Reference: Dirk Riehle. “The Economic Case for Open Source Foundations.” IEEE Computer, vol. 43, no. 1 (January 2010). Page 86-90.
Available as HTML or as a PDF file.
The Chair for Economic Policy (Prof. Andreas Freytag) at the Friedrich-Schiller-University and the Max Planck Institute of Econonics, Jena, Germany, are organizing a workshop on “open source, innovation, and entrepreneurship.” It takes place next week, on Jan 14, 2010. It used to be a private, invitation-only workshop, but the organizers decided to open it up to the general public.
The workshop program (PDF) consists mainly of invited speakers from economics and related departments around the world; I guess it is more of a small symposium than a workshop in any way. I’ll be giving the closing keynote of the event talking about “why open source is hard for closed source vendors.”
Participation is free but you’ll have to cover your travel and accommodation costs, if any. If you are interested in participating, please contact Sebastian von Engelhardt.
2009 is coming to an end and so are my first four months as a professor. Time to take stock, if only shortly.
All in all, a good end to a year that most of us would prefer to forget. But as Matt Asay is suggesting, this may have been the year that Open Source made it big, so this is something to celebrate!
Stay tuned for upcoming research work on open source, using this blog’s RSS feed, or the OSR group’s home page and RSS feed, and of course the @dirkriehle and @osrgroup Twitter streams!
And of course a happy, healthy, and prosperous 2010 to everyone!
It is no big news that open source research has been growing strongly in recent years. However, the recent string of conference and workshop announcements is just amazing. Here is a short run-down of what reached me the last two weeks:
These are all international academic/research open source research events!
If you are interested in open source and software engineering, please take a look at these upcoming events:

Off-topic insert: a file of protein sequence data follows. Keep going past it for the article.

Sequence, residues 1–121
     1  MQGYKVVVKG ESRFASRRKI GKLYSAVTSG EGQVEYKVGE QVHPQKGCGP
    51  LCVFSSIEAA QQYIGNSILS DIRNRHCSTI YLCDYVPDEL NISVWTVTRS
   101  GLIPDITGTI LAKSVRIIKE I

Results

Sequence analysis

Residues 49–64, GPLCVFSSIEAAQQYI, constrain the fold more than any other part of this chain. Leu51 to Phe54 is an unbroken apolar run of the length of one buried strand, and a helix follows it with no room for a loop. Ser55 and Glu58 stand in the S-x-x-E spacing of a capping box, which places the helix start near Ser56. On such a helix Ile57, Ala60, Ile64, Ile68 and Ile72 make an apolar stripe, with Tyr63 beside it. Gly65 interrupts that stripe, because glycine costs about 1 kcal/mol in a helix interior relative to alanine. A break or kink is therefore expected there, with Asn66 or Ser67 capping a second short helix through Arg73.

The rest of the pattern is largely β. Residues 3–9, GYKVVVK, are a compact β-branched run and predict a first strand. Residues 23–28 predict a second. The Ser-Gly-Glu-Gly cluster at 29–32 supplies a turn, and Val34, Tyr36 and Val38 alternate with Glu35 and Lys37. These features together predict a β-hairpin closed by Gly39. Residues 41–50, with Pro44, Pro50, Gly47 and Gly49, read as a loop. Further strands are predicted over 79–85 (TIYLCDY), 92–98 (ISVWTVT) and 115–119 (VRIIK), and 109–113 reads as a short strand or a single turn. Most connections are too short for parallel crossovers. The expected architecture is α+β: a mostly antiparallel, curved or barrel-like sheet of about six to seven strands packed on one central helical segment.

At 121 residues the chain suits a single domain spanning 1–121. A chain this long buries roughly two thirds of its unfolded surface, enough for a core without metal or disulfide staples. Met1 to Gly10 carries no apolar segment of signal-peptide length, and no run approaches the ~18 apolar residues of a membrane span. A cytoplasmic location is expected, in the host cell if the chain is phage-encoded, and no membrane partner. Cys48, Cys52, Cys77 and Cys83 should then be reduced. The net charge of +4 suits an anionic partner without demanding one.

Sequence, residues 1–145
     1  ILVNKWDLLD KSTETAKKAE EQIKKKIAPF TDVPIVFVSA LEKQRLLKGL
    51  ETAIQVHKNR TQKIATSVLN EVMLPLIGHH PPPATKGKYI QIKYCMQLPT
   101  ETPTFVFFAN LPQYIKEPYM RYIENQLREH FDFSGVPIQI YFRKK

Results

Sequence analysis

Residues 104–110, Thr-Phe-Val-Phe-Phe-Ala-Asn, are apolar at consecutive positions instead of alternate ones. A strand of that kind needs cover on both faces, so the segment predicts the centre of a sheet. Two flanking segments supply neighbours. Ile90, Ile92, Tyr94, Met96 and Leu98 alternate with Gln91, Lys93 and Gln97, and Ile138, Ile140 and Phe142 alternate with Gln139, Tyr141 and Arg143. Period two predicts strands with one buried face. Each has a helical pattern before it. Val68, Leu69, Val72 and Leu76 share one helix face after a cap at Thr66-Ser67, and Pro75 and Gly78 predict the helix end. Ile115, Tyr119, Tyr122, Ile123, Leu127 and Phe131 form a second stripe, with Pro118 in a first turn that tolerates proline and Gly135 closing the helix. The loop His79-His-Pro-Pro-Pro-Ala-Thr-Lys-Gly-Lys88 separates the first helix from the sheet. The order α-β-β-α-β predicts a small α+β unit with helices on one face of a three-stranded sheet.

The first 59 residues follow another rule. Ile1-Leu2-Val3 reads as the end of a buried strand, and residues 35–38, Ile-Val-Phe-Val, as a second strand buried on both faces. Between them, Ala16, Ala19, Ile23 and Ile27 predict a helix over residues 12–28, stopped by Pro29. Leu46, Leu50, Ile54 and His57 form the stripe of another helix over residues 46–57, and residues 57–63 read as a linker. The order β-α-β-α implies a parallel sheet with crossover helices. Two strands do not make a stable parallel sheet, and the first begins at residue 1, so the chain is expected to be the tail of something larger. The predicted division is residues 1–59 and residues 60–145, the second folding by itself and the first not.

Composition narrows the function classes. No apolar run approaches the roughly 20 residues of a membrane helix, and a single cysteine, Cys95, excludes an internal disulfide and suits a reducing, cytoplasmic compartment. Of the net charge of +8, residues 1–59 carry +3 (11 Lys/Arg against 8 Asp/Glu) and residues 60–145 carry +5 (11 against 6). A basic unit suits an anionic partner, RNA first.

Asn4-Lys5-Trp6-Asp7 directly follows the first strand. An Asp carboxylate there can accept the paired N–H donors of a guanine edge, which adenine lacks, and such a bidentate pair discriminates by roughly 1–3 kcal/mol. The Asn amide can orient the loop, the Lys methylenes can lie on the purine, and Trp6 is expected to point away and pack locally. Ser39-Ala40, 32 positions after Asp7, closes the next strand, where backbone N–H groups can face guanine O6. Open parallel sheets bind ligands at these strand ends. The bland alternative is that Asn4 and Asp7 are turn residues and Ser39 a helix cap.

Disclaimer: Except for the last one I’m on each program committee.
Yesterday, SAP’s CTO Vishal Sikka called for a more open approach to the Java standardization process (JCP), asking SUN to stop ruling it with a heavy hand. Not surprisingly, he got some pushback using the argument that SAP isn’t one to talk about being more open, given its slow involvement with open source.
I don’t think that this is a fair critique. SAP has always provided the source code of its main business applications suite to user-customers as part of a commercial license, and users have always customized SAP’s business suite to their heart’s content. In fact, it is the only way to make it work for their needs.
Continue reading “Open Source Vendor Lock-in”
Here the slides for my OOPSLA Onward! 2009 talk on “Design Pattern Density Defined.” First the abstract:
Design pattern density is a metric that measures how much of an object-oriented design can be understood and represented as instances of design patterns. Expert developers have long believed that a high design pattern density implies a high maturity of the design under inspection. This paper presents a quantifiable and observable definition of this metric. The metric is illustrated and qualitatively validated using four real-world case studies. We present several hypotheses of the metric’s meaning and their implications, including the one about design maturity. We propose that the design pattern density of a maturing framework has a fixed point and we show that if software design patterns make learning frameworks easier, a framework’s design pattern density is a measure of how much easier it will become.
The talk slides are available as a PDF file and are licensed under the Creative Commons BY-SA 3.0 license.
For a discussion of the talk’s contents I recommend reading the original article.